Sport AFL In footy, things ain’t what they used to be

In footy, things ain’t what they used to be

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Footy is barely upon us, but I’m already having some dire premonitions about the latest buzz words and statistics that will greet me the first time I switch on the telly.

As footballer’s pay packets have increased, so too has the lexicon become more bloated.

Australian rules football smacks of a sport that has been given a big promotion, and is doing its best to prove to the nation it deserves it.

What was once a beautifully simple game has been corrupted.

Who knows what the latest trend will be, what new terms will take their place in the hall of fame alongside beauties like the ‘fat side’, ‘contested ball’, the ‘flood’ and the ‘press’.

It’s not enough to have a captain and vice-captain anymore – we need a ‘leadership group’.

Chopping dead wood and replacing it with promising youngsters is known as ‘list management’.

When once it was enough to be committed, now we need ‘buy-in’.

There are no players anymore – only members of the ‘playing group’. Why use one word when two or three will do? Sides used to score, now they ‘apply scoreboard pressure’.

How did footy teams stay hungry before Leading Teams came along? What did we do before rotations?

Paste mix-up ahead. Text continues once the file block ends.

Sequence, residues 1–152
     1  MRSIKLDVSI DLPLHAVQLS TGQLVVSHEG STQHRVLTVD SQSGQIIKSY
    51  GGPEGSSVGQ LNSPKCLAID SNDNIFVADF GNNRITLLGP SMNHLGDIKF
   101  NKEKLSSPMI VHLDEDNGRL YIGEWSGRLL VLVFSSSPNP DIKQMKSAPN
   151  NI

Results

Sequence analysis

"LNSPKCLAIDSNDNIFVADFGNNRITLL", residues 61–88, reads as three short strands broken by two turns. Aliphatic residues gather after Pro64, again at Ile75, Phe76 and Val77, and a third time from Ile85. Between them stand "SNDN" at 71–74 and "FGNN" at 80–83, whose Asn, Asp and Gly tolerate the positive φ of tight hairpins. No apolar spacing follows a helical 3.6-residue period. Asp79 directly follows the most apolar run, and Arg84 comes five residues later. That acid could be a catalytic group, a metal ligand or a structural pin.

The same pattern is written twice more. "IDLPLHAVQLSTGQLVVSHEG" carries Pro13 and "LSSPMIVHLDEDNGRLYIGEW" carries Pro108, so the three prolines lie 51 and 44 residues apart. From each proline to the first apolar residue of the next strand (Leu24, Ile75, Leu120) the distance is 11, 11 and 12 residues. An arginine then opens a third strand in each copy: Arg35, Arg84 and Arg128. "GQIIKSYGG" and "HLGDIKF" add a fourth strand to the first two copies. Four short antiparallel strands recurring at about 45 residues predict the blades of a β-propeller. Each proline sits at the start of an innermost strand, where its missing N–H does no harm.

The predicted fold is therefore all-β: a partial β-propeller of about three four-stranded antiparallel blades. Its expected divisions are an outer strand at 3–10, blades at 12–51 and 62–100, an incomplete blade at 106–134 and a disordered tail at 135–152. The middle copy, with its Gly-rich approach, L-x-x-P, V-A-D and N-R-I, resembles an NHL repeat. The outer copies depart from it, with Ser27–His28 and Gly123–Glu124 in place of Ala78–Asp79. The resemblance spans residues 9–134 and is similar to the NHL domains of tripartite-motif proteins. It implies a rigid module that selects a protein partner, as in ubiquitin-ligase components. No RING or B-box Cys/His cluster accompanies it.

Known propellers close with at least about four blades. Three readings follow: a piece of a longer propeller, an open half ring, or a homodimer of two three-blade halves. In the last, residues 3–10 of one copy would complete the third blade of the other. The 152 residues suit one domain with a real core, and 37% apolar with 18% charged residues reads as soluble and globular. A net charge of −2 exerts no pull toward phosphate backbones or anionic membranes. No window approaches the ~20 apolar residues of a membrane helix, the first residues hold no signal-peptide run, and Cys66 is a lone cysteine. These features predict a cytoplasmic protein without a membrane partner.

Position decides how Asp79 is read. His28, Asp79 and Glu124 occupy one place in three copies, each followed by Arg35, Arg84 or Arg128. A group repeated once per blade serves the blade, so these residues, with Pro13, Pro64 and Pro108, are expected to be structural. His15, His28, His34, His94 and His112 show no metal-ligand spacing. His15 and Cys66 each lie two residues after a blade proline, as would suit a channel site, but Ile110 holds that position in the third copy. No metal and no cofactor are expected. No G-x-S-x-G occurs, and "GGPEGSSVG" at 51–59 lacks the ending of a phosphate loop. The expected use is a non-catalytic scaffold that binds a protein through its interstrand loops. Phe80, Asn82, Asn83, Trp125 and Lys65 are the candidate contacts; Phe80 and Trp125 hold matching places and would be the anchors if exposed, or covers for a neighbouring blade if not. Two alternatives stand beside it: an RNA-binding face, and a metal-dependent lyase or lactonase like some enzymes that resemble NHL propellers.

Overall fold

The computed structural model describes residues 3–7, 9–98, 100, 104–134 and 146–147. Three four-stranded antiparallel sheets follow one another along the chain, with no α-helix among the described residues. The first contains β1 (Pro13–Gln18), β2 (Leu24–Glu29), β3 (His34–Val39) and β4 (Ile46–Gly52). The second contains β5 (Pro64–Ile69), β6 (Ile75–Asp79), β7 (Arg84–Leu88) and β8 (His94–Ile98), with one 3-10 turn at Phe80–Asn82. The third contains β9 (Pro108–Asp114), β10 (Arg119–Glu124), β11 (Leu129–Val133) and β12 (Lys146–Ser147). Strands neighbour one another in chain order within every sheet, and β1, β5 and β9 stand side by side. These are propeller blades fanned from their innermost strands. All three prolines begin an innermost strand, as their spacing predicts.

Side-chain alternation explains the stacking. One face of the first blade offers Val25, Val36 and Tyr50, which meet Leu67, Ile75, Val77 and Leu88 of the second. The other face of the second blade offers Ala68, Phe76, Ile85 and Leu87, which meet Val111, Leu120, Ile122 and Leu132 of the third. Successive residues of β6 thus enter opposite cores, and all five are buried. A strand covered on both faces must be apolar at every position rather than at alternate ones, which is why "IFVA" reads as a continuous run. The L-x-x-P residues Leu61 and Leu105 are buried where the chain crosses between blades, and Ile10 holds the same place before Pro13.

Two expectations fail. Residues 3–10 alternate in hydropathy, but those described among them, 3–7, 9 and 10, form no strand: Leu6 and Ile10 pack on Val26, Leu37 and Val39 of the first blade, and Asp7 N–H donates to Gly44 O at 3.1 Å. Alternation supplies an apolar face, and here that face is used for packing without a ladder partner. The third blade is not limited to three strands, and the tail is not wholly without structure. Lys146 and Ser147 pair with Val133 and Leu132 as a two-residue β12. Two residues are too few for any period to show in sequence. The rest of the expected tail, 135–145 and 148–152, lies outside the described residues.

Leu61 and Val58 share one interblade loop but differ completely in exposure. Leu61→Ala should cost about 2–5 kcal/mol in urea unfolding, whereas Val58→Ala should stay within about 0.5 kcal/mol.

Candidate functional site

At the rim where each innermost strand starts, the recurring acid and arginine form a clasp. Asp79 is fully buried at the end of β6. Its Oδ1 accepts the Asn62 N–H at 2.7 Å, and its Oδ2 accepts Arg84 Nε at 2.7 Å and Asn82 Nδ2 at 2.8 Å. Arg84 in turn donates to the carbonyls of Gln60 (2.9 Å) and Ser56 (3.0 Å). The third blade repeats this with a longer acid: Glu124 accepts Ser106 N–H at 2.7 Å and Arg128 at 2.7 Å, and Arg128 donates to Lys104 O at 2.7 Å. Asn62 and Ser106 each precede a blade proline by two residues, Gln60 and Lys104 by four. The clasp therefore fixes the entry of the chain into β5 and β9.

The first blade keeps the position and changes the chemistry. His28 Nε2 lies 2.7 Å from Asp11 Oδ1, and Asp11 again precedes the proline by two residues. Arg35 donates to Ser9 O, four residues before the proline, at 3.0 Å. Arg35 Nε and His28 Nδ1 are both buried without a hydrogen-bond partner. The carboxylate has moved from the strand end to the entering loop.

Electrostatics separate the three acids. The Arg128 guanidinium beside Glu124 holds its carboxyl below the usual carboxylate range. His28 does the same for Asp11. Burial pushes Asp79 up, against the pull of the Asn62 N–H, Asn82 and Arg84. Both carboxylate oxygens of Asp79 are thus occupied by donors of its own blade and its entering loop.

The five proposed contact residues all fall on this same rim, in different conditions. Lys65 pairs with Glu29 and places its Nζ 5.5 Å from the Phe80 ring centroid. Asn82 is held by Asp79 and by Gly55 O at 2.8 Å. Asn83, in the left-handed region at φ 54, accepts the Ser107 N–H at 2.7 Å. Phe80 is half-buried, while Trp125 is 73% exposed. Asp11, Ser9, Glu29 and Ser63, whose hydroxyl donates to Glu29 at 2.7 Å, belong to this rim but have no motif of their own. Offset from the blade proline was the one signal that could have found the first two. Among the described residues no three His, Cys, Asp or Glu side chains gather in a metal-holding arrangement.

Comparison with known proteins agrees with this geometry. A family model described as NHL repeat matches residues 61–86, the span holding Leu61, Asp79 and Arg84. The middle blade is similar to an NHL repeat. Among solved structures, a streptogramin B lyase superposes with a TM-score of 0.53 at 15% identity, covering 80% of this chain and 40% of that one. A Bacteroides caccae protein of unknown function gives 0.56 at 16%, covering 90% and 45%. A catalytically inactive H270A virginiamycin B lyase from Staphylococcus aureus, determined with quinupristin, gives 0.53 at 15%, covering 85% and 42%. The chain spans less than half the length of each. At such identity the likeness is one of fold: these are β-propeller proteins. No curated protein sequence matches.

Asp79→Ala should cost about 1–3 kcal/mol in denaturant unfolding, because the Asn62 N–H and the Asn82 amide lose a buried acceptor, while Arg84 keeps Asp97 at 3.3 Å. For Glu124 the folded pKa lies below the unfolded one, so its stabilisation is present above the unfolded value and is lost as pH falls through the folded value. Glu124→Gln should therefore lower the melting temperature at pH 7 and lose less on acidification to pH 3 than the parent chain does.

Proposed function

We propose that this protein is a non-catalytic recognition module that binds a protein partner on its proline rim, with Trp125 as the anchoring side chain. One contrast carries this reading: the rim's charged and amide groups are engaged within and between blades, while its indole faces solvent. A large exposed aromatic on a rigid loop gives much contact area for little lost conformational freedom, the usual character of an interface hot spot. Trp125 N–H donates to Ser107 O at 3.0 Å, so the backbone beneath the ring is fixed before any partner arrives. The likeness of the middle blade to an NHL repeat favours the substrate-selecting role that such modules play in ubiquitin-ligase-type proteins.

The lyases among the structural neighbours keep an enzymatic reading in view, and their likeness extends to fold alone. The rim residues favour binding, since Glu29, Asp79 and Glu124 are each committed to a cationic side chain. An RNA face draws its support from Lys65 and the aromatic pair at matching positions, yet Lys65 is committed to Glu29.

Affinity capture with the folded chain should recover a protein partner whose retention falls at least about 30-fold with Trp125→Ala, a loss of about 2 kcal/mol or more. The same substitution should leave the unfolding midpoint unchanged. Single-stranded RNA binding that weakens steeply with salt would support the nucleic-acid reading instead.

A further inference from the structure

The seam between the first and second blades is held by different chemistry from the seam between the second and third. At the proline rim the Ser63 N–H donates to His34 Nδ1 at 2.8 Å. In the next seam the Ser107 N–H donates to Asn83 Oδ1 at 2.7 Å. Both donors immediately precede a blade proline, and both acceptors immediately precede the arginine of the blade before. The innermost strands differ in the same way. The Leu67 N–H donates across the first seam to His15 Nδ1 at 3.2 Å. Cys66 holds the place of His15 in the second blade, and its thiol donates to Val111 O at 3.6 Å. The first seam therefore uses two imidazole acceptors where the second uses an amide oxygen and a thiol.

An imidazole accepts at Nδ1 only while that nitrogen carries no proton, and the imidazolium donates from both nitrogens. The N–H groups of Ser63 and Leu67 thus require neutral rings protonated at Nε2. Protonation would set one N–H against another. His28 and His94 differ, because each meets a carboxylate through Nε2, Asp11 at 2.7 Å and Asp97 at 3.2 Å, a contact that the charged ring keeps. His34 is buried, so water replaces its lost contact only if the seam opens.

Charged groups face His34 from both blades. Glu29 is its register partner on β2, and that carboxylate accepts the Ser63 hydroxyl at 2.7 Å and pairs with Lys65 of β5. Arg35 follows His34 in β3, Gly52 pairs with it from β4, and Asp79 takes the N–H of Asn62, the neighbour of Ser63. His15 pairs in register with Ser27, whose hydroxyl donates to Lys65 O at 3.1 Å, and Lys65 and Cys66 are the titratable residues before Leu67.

Does the game look or flow any better now than it did 20 years ago? Maybe, but I’d put it down more to the quality of ground drainage and decreased rain levels than the plethora of line coaches with laptops.

Fantasy football competitions have a lot to answer for – no one cared how many contested possessions a bloke got until they came along. And like a lot of crap (the Kardashians, baseball, Robin Thicke) you can do without, they originated in the US of A.

You don’t need a number beside every single thing a player does. You know he’s having a good game by watching it, not refreshing a screen on your phone.

Quick blokes still run with the footy, big blokes still try and grab it. It’s not rocket science, but they’re trying their hardest to make it so.

Of course, one of the benefits of the over analysis is that it makes it easier to turn off Fox Footy and get to games – lest I have to listen to ‘Kingy’ or ‘Johno’ in the ‘War Room’.

I’ll be the bloke in the outer, undisturbed by what my colleague Patrick Smithers refers to as ‘the deadening hand of statistics’, enjoying the contest sans commentary and doing my best to make this beautiful game simple again.

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